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Archaeology is based on physical evidence and the FC has been proven correct in probably most cases. I have never met anyone oppose this as THE primary source view. The one Aztec person who lead the group is going to school for this stuff, so it reflects academic views. I, for one, will also take the more academic view about the Aztec vs Mexica debate, among others.


Several points:
1) I did not deny the importance of the Florentine Codex. What I pointed out is that the Codex is not an objective source. It its the product of a particular time and place. This is something recognised by modern academics.
2) Academic views on the terms 'Mexica' and 'Aztec' are far more complex than you are pointing out. I think that Clendinnen uses the term Mexica almost exclusively, while other scholars take the time to point out the inadequacies of the term 'Aztec', even if they still use it.
3) Archaeology, whose archaeology? Something by Michael E. Smith? Or does it come from Mexico? Perhaps someone from the Templo Mayor project?

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I unfortunately do not have his book and some of the others atm, as I have moved across states and lost a lot of my Mesoamerican book collection. I would love to get back to you on it though. When I do find it I will definitely be happy to give you the source.


Don't worry, I am also apart from my source collection.

Quote
Once again, you are the only one I've seen opposed to the concept of ollin and sacrifice. (By thinking it's about creation.) No one argued this so I find it odd you do. Could you explain why you do not believe in ollin? Why you would reject one of the basic precepts of sacrifice? I am curious, this is outside of the Jesus thing btw.


I'm not against the concepts of ollin and sacrifice, I'm against your explanation of them. Perhaps you mis-typed though. The idea that the Mexica sacrificed to feed the sun is a popular one, and not entirely wrong. But most scholars agree (Carrasco, Clendinnen, Sigal, for example) that there is a lot more to it than that. See, the Mexica actually called sacrifice 'debt-payment', the word in Nahuatl is 'nextlahualli'. The idea is that the gods had sacrificed themselves to create the world. Man was therefore indebted to the gods and were obligated to repay them. These rituals have huge connections to fertility, to rejuvenation, and were only occasionally directed towards the sun. Besides, sacrifice was only a small part of Mesoamerican ritual life. There was also singing, dancing, and drinking. Ignoring all this stuff is to ignore the rich complexity of worship in Mesoamerica.

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No, actually it is not. Christian, especially Catholic, beliefs can be varied and believe in multiple afterlives. (You can see how some developed certain occult beliefs such as the astral plane.)There is not one "Christianity" everyone subscribes to as you keep seemingly, arguing from a more Protestant perspective. There is over 6000 denominations alone, which include off shoots such as folk Catholicism. Christianity has a pretty diverse region, and is comparable to the word "pagan" in being an umbrella term for a multitude of belief systems.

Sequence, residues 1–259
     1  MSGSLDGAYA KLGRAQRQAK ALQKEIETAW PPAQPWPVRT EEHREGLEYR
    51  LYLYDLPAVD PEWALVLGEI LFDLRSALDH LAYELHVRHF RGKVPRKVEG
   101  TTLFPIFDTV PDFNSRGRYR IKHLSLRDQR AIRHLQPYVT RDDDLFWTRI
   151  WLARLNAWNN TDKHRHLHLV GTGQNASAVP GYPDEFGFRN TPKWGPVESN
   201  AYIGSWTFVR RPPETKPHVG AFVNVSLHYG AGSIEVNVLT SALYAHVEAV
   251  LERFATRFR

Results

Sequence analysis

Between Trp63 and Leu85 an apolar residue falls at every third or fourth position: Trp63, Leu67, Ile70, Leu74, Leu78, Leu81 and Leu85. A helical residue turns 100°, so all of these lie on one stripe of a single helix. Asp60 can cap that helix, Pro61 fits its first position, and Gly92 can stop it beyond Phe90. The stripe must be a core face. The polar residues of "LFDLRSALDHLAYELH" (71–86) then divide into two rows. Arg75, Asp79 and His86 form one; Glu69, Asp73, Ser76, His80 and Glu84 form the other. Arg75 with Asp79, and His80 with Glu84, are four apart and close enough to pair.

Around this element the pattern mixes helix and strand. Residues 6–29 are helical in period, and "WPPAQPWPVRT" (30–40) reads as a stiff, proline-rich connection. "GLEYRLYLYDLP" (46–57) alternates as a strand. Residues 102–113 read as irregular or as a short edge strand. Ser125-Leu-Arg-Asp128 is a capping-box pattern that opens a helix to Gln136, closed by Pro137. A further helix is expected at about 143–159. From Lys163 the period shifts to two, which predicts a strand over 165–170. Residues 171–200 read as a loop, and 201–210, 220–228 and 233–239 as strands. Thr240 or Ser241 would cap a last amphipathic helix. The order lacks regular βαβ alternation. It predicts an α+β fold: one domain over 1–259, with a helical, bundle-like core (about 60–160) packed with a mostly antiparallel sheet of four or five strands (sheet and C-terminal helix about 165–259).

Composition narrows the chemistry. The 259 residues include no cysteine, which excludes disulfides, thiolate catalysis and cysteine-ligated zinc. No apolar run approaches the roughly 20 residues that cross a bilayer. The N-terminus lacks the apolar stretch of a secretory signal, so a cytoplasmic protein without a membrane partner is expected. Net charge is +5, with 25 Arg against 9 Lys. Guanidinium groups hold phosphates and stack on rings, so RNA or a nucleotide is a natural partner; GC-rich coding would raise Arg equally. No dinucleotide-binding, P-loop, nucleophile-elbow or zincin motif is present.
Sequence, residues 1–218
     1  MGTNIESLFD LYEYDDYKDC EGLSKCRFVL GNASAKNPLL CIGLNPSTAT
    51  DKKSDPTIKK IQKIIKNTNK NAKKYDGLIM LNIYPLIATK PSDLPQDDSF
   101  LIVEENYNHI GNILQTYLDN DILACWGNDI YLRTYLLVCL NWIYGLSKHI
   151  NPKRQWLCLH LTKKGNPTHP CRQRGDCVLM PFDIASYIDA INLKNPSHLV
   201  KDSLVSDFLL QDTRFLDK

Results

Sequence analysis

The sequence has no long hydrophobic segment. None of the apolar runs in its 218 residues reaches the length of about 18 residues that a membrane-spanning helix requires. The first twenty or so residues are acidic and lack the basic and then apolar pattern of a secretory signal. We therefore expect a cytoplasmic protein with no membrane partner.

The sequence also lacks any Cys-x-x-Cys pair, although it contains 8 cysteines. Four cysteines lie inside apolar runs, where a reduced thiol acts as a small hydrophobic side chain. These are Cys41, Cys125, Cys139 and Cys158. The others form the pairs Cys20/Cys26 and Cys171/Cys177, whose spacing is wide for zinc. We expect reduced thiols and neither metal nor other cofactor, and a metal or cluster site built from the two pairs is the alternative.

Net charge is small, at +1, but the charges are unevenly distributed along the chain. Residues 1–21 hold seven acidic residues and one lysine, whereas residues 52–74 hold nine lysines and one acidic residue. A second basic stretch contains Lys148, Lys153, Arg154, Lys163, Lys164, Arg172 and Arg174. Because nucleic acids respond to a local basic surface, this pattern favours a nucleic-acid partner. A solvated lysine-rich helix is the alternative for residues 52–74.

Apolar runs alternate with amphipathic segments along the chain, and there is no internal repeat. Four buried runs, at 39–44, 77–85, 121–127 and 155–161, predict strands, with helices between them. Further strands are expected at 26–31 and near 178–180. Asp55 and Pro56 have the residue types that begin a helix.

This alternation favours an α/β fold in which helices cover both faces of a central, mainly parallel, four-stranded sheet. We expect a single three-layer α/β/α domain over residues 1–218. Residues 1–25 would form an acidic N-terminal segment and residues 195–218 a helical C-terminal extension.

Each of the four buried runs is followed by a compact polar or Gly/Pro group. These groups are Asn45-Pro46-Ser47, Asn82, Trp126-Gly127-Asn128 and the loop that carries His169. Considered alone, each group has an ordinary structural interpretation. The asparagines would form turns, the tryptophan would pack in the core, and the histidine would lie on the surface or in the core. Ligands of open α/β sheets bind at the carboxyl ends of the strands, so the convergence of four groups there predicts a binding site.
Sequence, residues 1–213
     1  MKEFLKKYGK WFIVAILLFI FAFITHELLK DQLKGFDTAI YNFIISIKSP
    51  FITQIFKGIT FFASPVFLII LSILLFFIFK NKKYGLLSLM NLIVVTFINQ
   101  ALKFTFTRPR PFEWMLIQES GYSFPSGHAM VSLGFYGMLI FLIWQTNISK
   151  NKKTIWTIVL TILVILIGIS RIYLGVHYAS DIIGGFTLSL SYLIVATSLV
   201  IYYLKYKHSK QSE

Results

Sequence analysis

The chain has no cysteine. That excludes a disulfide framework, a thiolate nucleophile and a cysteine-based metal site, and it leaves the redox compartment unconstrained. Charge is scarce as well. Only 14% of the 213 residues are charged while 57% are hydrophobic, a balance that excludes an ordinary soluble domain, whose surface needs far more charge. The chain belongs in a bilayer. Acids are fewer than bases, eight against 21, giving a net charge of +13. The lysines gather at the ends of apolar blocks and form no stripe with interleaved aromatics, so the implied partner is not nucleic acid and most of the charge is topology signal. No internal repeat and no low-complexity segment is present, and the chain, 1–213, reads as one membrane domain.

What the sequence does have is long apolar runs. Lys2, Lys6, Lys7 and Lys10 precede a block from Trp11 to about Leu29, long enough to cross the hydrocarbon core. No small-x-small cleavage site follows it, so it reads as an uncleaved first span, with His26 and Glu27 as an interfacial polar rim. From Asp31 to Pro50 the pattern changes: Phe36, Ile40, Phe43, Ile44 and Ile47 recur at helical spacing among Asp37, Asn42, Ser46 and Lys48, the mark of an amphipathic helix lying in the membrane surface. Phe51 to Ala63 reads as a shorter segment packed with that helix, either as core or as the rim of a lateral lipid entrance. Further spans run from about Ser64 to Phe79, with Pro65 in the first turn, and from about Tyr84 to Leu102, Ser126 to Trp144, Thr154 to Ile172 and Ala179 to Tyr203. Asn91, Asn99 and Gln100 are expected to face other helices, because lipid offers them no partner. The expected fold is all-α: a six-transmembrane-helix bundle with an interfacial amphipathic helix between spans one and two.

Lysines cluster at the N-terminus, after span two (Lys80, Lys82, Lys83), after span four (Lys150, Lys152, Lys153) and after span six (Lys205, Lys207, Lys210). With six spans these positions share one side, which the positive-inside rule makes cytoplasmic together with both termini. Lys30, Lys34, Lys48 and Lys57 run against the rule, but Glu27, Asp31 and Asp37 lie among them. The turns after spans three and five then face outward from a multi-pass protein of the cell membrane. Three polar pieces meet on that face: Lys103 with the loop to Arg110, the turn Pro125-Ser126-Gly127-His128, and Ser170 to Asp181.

I am aware of the complexities within Christianity. Note that I did not say that Christians did not have multiple versions of the afterlife, I said that their system was different, and built around different principles.

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Once again; physical evidence. If I had to go with this view or the academic, I am going with the current academic view.


What physical evidence?

Quote
I never said there weren't dissimilarities, but there are also a lot of similarities. Some had been noted by the Aztecs themselves. It may be you don't agree with them. That is fine. I, on the other hand, would rather as I said before, go by a more objective and academic view of the subject.

 
It does not matter if the Mexica themselves saw similarities. We don't know what their motives were, nor do we know how much they knew about Christianity. These men were probably not experts in comparative religion, so why should we expect them to have some deep insight into this?

Quote
No one said they were focusing on it. I was asked for an opinion and I gave it. I think the Aztec religion shouldn't really be reconstructed in Pre-Colombian form, and neither should some older versions of Christianity. Obviously, this differs from your perspective. That is fine. I noticed you were very different in practice than all the other "recons" (I don't even think they call themselves that anymore.) that I have seen. As I was part of the community, there was a general consensus on things such as the Aztec religion continuing today, using the word Aztec, ollin, the meaning and purpose of sacrifice, and some other views. But yours are different from that. I don't really know what to say.


What other Mesoamerican recons do you know? They are pretty rare here. A few drift by every now and then, but soon disappear. I suspect that my views are not fundamentally different, just more detailed and exacting, using different terminology.

Here's the thing, when I see your explanations of Mesoamerican religions, despite you insistence on academia, it seems to be the pop-culture version. It seems to rely on a superficial understanding, which is why I use that term a lot.
See, you don't seem to be aware that I have been studying the Mexica for five years, which is actually how I came to be here. I am familiar with the sources, both primary and secondary. And academia is not actually all that certain on the similarities. For example, many will discuss the presence of confession rituals in both Mexico and Europe. But then they will go on to point out how those rituals are different. When comparisons are made in these texts, the authors are only commenting on their superficial similarity, and do not intend any deeper comparison than that.